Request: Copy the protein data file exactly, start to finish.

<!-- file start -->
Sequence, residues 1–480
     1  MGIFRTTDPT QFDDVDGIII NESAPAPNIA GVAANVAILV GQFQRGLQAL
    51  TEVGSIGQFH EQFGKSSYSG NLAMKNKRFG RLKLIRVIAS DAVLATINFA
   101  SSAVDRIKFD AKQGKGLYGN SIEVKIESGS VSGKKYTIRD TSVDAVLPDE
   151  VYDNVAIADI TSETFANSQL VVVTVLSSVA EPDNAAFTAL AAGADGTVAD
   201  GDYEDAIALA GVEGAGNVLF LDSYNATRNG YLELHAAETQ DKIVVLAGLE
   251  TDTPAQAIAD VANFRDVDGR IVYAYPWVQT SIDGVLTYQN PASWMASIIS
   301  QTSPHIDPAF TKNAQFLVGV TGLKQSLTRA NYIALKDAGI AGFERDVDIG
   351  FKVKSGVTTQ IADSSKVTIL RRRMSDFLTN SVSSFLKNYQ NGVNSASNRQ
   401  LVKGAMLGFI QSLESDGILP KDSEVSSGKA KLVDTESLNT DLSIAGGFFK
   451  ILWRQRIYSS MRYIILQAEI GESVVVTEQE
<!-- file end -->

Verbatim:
Sequence, residues 1–480
     1  MGIFRTTDPT QFDDVDGIII NESAPAPNIA GVAANVAILV GQFQRGLQAL
    51  TEVGSIGQFH EQFGKSSYSG NLAMKNKRFG RLKLIRVIAS DAVLATINFA
   101  SSAVDRIKFD AKQGKGLYGN SIEVKIESGS VSGKKYTIRD TSVDAVLPDE
   151  VYDNVAIADI TSETFANSQL VVVTVLSSVA EPDNAAFTAL AAGADGTVAD
   201  GDYEDAIALA GVEGAGNVLF LDSYNATRNG YLELHAAETQ DKIVVLAGLE
   251  TDTPAQAIAD VANFRDVDGR IVYAYPWVQT SIDGVLTYQN PASWMASIIS
   301  QTSPHIDPAF TKNAQFLVGV TGLKQSLTRA NYIALKDAGI AGFERDVDIG
   351  FKVKSGVTTQ IADSSKVTIL RRRMSDFLTN SVSSFLKNYQ NGVNSASNRQ
   401  LVKGAMLGFI QSLESDGILP KDSEVSSGKA KLVDTESLNT DLSIAGGFFK
   451  ILWRQRIYSS MRYIILQAEI GESVVVTEQE